Special thanks to ThisDayinMusic.com.

On August 18, 1966, Paul Jones left Manfred Mann just as their massive U.K. hit “Pretty Flamingo” was climbing the U.S. charts. Manfred Mann would continue and Jones would embark on a general entertainment career before coming back to the blues in the ’80s.

But back in the early ’60s, Jones was a serious part of London’s blues-obsessed music movement. Like Brian Jones, Mick and Keef and a plethora of young Brit boys in the early ’60s, Paul Jones was an Alexis Korner follower who often “sat in” on vocals with London’s blues godfather.

At one point, Brain Jones offered Paul the lead singer job in a band he was forming called The Rolling Stones. He may have missed the boat on that one but the next time the gritty-voiced vocalist was asked to join an up-and-coming blues band, he accepted immediately. Originally the new band was called the Mann-Hugg Blues Brothers, an unwieldy title that eventually morphed into Manfred Mann. South African-born Manfred Lubowitz arrived in Britain in 1961 and integrated himself quickly into the booming London blues scene. Once they became Manfred Mann with the charismatic Paul Jones on vocals and harmonica, and added Mike Vickers on guitar, flute and saxophone and Tom McGuinness on bass, they were ready to aim at the U.K. charts.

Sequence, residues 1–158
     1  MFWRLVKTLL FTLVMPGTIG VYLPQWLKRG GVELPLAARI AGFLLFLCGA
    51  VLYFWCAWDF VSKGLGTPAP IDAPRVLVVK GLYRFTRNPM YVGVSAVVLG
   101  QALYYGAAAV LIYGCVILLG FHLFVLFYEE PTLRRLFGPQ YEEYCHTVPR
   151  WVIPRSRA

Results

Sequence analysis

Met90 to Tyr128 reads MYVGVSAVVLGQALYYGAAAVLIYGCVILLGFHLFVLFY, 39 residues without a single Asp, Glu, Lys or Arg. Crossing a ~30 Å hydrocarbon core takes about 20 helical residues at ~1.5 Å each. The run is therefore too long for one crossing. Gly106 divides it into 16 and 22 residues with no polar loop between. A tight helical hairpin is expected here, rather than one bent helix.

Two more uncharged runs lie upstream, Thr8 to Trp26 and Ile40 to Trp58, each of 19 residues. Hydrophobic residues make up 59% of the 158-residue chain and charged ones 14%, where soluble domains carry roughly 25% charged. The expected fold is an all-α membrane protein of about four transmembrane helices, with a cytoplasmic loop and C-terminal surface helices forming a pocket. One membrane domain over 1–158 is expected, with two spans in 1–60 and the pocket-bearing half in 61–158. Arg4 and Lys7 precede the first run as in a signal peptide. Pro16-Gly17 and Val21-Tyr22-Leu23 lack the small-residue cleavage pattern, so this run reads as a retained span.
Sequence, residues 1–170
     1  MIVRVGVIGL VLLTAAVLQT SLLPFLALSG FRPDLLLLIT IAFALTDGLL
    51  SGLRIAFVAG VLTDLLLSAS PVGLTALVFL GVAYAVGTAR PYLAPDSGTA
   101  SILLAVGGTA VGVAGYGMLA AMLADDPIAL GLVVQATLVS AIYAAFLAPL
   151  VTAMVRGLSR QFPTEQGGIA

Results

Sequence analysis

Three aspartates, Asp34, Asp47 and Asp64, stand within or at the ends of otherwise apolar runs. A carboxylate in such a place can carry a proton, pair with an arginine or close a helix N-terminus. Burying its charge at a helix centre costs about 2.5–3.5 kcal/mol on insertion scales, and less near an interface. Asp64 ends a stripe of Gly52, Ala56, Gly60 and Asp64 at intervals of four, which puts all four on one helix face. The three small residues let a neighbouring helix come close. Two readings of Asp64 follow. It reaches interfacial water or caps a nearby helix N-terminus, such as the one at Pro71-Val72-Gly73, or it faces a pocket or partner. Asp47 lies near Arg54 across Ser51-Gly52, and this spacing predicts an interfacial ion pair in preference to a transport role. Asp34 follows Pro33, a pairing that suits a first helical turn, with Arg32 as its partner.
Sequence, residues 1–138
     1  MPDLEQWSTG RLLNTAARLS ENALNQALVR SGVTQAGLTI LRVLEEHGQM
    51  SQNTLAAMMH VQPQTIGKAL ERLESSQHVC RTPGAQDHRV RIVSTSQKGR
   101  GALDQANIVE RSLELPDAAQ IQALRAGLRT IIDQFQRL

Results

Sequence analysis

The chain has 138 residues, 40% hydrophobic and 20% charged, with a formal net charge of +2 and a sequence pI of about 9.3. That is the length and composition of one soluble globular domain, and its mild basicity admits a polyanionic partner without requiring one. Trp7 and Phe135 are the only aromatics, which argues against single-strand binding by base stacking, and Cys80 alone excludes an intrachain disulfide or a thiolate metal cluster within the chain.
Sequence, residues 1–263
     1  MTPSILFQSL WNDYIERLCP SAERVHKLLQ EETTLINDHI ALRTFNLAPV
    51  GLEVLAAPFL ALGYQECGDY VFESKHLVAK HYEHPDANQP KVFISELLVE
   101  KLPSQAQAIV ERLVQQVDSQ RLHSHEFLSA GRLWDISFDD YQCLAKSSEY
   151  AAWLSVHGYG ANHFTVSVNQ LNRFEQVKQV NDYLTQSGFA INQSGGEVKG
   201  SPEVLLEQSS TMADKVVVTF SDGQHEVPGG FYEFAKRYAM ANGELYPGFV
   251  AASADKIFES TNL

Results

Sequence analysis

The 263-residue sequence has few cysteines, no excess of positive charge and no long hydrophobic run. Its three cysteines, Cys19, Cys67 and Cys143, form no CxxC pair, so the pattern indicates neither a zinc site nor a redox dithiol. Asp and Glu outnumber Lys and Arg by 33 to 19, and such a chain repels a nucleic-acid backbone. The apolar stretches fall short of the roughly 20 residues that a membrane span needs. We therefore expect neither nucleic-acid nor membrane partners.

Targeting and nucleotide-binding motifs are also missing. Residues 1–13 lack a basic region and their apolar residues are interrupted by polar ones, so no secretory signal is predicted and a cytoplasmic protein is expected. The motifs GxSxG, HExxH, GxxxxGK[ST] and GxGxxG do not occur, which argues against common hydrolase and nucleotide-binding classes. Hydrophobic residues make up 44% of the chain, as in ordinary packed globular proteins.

In 1963 Paul, Mike Hugg and Manfred came up for a signature tune for the TV program Ready, Steady, Go! The song, “5-4-3-2-1.”

Manfred Mann had their first U.K. #1 in the summer of that year with “Do Wah Diddy Diddy,” and suddenly found themselves part of the so-called British Invasion of America as the song went to #1 in the U.S.

More hits followed like “Sha La La” (a hit for the Shirelles), “Come Tomorrow” and “Oh No Not My Baby” and Bob Dylan’s “If You Got to Go, Go Now.”

In April 1966, Manfred Mann notched up their second British #1 with the poppy “Pretty Flamingo.” But by then, Jones had departed for pastures new.

After Paul Jones left the band, he moved toward an acting career. He appeared in the films Privilege and The Committee and then began a full-time theatre career, beginning with “Conduct Unbecoming,” in which he acted at Bristol Old Vic, London’s West End and on Broadway. In the ’80s Jones would go back to the blues, teaming up with old Manfred buddies while maintaining an acting career and presenting a popular and well-received blues show on BBC Radio.